The government will provide free land to investors who would be interested in establishing industries involved in making building and construction materials, a cabinet minister has revealed.
Opening the 21st Buldexpo yesterday, the minister for Lands, Housing and Human Settlements Development, Mr Wlliam Lukuvi, told the business community that the offer will last until December, aiming at attracting more investors in the building and construction sector and reducing imports.
Buldexpo is Africa's building and construction tradeshow whose 21st edition is currently going on in the country for three days. It comprises more than 200 manufacturers and exporters from around the world, covering a variety of sectors in construction, ranging from building and construction materials, aluminum steel profiles, granite, ceramics and pipe fittings to mining tools and hardware.
So far, at least 800 plots have been set aside at Kibaha area, according to him, but the offer is for the whole country.
"I am happy that you (exhibitors) are here to showcase your modern construction materials, but I wish you could install plants for manufacturing them locally instead of importing them," he told the exhibitors. To ease the process, Mr Lukuvi has announced the government would provide them with land free of charge.
"Whoever is interested should come to my office from tomorrow (31st October) and I will give you a well surveyed piece of land," he said, adding that although the offer targeted manufacturers of construction and building materials, investors in other sectors would also benefit from the offer.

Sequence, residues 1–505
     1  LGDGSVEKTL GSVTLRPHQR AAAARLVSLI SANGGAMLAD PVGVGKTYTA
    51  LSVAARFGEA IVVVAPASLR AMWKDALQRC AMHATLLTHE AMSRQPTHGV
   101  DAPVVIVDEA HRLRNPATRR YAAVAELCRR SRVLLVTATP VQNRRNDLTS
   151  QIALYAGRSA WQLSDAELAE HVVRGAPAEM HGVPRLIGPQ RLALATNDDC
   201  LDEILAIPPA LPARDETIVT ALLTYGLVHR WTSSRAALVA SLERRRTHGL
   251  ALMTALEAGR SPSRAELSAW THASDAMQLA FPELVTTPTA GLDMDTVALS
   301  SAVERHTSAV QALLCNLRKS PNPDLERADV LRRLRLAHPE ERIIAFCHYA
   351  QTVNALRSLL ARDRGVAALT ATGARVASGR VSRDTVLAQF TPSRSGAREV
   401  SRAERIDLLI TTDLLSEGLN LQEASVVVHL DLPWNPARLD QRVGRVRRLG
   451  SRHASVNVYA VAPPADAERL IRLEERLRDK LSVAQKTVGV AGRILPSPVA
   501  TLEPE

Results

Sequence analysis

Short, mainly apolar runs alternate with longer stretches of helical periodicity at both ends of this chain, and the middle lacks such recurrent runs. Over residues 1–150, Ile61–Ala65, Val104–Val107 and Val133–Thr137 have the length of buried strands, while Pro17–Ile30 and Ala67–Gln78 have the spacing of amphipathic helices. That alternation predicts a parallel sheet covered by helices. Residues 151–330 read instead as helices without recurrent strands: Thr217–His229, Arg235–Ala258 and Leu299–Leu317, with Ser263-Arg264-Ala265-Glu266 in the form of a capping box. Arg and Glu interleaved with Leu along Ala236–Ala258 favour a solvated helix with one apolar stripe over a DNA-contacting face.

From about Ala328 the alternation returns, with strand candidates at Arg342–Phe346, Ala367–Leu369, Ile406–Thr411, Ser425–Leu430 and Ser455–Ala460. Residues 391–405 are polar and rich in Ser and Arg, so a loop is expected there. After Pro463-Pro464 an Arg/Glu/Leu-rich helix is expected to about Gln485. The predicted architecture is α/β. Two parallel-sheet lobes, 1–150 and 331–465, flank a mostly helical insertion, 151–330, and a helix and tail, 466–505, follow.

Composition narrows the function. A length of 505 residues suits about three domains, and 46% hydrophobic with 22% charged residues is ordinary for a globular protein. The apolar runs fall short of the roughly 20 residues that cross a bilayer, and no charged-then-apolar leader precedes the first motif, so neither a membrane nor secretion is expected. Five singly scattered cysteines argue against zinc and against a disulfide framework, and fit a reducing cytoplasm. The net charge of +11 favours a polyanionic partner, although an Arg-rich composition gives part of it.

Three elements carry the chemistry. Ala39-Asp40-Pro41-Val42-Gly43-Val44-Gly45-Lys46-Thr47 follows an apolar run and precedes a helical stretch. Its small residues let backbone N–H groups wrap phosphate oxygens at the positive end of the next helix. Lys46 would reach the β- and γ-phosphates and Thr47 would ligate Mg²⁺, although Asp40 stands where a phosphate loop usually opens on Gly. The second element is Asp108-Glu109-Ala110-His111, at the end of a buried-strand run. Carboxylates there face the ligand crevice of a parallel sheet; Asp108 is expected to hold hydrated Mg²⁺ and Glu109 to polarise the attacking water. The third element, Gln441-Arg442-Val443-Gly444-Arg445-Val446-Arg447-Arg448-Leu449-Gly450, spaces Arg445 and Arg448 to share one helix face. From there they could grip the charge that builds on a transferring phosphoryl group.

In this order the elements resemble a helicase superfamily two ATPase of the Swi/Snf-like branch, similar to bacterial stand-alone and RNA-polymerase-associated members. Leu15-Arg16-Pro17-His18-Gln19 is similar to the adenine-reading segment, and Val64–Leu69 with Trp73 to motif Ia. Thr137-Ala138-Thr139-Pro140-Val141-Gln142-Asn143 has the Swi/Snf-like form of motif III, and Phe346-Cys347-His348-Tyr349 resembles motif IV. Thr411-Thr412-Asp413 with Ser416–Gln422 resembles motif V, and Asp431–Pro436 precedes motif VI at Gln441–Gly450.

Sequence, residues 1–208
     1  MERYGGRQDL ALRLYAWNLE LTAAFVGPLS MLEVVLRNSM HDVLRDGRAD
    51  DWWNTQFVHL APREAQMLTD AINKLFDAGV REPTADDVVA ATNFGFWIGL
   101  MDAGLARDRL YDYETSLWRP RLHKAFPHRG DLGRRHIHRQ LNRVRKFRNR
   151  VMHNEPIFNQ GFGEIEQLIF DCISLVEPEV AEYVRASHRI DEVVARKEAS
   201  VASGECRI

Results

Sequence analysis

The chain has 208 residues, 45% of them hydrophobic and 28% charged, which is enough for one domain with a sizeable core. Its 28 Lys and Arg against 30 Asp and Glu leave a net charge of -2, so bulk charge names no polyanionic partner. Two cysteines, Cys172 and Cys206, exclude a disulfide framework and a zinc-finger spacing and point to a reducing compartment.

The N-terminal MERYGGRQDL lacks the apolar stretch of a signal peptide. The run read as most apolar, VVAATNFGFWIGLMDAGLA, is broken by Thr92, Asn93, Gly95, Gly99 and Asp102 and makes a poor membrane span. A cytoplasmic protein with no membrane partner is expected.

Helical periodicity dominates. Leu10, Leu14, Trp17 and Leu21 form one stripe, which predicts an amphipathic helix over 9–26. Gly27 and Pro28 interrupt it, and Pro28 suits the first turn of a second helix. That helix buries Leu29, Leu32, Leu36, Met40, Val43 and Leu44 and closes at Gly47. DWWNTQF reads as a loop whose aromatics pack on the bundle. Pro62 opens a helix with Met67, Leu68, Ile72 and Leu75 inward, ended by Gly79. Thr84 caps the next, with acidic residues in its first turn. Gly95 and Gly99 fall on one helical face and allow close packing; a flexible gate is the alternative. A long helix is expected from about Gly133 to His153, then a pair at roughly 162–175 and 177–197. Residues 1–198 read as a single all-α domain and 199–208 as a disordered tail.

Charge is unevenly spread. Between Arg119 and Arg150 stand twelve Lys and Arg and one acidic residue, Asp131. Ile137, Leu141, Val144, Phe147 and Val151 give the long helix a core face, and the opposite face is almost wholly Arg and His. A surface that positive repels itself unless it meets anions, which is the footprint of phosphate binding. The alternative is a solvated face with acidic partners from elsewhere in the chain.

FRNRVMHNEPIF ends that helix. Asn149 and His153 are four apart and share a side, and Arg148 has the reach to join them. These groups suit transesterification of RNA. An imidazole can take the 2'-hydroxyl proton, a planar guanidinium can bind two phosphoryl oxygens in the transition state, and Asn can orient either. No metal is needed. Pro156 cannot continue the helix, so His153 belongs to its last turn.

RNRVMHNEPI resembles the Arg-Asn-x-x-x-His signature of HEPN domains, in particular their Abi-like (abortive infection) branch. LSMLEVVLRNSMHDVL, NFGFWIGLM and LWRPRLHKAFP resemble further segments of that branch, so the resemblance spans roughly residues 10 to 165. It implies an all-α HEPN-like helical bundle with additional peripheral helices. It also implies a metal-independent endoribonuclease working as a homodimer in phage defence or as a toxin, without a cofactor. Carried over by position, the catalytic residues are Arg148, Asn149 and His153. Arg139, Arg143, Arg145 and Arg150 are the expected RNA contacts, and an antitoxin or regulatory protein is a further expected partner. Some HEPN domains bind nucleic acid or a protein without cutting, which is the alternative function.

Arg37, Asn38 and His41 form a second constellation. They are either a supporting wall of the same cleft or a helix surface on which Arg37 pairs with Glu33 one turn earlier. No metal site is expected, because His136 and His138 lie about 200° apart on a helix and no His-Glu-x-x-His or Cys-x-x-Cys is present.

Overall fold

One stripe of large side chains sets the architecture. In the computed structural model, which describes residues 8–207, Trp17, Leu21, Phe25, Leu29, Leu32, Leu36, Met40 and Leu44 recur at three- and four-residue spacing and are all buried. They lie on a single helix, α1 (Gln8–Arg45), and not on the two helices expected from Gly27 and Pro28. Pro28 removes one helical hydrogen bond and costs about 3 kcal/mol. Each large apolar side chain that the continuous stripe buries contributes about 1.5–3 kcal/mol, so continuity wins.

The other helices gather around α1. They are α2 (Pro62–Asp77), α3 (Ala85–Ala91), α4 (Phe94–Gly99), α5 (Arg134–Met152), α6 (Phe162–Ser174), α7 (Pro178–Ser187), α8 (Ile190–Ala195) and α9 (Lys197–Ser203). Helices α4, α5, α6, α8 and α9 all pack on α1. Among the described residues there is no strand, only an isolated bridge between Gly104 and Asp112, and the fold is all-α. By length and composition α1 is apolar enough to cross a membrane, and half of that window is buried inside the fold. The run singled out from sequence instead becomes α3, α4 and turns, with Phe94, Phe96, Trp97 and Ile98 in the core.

The minister also promised to assist investors to communicate with other ministries and regulatory bodies related to industrial investments, for further procedures.
"I know some of you have not tried the Tanzanian market before, but I assure you that you will not regret investing here. No company has operated at a loss in this country as the market is huge and the business environment is conducive," he noted, reiterating the available opportunities in constructing affordable houses.
"We currently demand at least 50,000 housing units for public workers and other individuals. The government cannot afford to build them alone and seeks your (private sector) support," he said.
He urged them to either build the houses on their own or collaborate with local companies.
Kenyan ambassador to Tanzania Dan Kazungu echoed Mr Lukuvi's call, saying that the investments would also benefit Kenya and other East African countries.
"We (EAC) have common market agreements that encourage countries to do business with each other. So, constructing these industries in Tanzania will help you to access the Kenyan and other EAC countries' markets," he said.